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Where Are SAIC Grads Now?

Four recent SAIC graduates dish on their latest paid and non-paid work.

By Arts & Culture, Uncategorized

By Perry Hohlstein

It is harder to “make it” out there than it used to be, but many recent SAIC graduates have shown that it is not impossible. These young art folk are working tirelessly to forge life-paths for themselves that are both challenging and fulfilling. It may not be pretty, but even in these times, hard work really does pay off. To find out exactly how hard it is to “make it” in the real world, I caught up with four recent SAIC graduates about their latest work.

Karen Archey, (BA 2008 Visual Critical Studies), is an art critic for Art in America, Rhizome, and Leap; Lynnette Miranda (BFA 2010 Fibers), works at the Art Institute of Chicago’s education department and runs; Harley Young (BFA 2007 Sculpture) teaches computer literacy at Chicago Public Schools; Anna Timmerman (BFA 2010, Drawing) works for Oxbow’s summer art program.

Karen Archey (BA 2008 VCS)

“There was a lot of hustling”, said Archey of her first year after graduation. Archey now lives in Manhattan where she is a freelance art critic and curator. Archey did a residency immediately after graduating, and from there, she moved to New York City to try and break into the scene. Fate intervened when she was hit by a car and she received a settlement. Instead of wasting the settlement money on superfluities like food or rent, Archey opened up a gallery in Manhattan’s Chinatown. She made many new contacts through the gallery, and eventually people began to come to her with writing work.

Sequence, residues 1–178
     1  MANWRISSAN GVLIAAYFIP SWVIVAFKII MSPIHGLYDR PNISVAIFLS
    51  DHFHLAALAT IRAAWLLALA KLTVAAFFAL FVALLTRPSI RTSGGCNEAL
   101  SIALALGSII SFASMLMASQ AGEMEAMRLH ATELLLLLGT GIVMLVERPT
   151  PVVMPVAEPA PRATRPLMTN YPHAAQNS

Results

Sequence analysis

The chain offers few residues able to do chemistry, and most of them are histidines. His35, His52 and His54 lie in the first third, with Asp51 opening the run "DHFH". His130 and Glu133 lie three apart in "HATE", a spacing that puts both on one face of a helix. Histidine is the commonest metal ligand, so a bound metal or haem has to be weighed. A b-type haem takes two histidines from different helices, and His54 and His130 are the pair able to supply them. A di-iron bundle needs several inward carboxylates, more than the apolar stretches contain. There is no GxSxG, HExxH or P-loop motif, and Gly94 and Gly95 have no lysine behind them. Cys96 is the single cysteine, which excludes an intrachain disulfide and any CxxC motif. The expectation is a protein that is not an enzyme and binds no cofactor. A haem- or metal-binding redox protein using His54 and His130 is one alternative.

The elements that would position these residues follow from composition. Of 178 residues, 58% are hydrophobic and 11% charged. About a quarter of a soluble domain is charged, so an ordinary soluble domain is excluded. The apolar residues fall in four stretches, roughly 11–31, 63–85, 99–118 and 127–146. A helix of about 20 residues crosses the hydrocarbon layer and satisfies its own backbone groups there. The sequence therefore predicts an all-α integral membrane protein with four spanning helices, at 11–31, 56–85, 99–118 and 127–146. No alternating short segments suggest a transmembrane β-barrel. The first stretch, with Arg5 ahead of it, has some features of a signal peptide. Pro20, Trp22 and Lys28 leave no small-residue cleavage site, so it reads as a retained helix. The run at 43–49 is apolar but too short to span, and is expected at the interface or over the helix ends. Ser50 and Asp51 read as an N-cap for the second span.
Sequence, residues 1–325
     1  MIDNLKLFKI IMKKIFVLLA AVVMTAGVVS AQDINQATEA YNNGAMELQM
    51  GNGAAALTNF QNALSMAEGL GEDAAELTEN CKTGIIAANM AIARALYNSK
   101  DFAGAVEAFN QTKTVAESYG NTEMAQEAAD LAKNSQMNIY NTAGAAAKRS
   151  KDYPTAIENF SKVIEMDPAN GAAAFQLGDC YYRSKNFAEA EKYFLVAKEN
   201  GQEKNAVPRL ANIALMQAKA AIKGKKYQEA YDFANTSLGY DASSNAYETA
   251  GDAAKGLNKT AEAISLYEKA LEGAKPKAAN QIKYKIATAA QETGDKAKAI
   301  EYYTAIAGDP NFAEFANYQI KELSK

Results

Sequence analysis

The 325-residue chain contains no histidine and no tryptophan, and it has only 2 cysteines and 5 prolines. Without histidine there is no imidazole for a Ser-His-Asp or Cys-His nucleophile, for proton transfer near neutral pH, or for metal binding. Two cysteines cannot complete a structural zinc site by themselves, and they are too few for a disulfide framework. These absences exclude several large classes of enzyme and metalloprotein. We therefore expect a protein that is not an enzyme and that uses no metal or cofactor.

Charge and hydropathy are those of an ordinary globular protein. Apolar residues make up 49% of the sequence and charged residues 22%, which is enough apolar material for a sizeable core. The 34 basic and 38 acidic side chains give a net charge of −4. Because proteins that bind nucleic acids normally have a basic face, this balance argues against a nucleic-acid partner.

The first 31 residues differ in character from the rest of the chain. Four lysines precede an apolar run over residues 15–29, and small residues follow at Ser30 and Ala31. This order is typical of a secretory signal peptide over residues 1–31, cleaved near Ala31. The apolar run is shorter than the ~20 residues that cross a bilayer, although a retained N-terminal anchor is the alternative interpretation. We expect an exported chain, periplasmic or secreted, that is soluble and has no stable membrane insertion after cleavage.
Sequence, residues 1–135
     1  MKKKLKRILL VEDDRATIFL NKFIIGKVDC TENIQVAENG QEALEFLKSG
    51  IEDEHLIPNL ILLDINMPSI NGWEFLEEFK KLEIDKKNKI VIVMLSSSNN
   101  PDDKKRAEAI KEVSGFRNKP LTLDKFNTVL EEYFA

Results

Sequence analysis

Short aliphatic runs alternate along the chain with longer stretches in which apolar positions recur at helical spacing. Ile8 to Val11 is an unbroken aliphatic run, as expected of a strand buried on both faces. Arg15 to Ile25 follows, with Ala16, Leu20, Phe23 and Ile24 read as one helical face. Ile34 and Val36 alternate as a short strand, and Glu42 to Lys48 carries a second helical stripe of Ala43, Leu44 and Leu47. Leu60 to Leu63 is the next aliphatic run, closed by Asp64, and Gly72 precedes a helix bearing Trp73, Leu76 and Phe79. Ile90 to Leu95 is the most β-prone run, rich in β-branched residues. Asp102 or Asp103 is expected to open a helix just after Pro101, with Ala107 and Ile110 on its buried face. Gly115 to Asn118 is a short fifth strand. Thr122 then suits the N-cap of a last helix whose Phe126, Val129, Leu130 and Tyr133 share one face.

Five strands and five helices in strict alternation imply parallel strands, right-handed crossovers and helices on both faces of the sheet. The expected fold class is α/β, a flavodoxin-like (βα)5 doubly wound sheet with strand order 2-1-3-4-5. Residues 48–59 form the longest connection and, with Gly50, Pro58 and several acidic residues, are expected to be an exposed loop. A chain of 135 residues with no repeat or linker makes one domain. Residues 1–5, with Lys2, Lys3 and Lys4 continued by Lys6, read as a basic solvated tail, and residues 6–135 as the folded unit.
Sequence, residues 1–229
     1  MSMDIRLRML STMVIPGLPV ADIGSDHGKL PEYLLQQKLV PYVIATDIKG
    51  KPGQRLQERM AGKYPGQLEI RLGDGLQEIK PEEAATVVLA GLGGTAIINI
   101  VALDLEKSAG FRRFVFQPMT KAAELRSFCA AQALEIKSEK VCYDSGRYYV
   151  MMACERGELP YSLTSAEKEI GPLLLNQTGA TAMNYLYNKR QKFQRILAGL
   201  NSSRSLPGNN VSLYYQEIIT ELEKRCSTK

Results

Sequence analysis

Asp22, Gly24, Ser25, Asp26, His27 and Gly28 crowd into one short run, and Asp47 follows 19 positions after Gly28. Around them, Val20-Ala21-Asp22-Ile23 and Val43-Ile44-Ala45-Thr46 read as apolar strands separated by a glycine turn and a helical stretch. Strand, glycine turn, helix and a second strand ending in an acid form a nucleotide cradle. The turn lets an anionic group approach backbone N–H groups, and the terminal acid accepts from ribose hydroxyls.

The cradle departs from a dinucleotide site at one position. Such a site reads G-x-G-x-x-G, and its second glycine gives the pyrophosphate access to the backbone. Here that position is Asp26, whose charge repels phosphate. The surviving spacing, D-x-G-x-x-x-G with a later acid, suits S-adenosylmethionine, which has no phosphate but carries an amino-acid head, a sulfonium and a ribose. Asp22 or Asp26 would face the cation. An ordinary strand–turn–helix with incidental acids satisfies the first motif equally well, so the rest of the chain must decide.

Now, after several years of barely keeping up with NYC’s high cost of living, of making risky decisions and hustling tirelessly, it is all finally beginning to pay off, “I’m just starting to make money,” said Archey, of her writing in numerous art blogs and publications including Art Info, Art In America’s online edition, Rhizome and the Chinese art magazine Leap.

Lynnette Miranda (BFA 2010 Fibers)

When Miranda graduated last year, she realized she had to make some big decisions fast. Her first move was to return to her hometown of Miami and enjoy the summer with family and friends. “Towards the middle of the summer, I started making decisions about where I was going to be in the fall,” said Miranda. “I applied to almost every single thing I could think of. I contacted a whole bunch of professors and old bosses asking if they had any job leads that i would be qualified for.”

Drawing by Lynnette Miranda.

Miranda applied for work both in Miami and Chicago, but it was Chicago that proved the most promising, and so she moved back. Her first job was terrible; working in retail for minimum wage with co-workers who were all also recent college graduates. Miranda did not stop looking for more satisfying work, and it didn’t take long before she found it. Miranda had done a co-op internship at the Art Institute’s education department while in school. They offered her an independent contract to work there on weekends.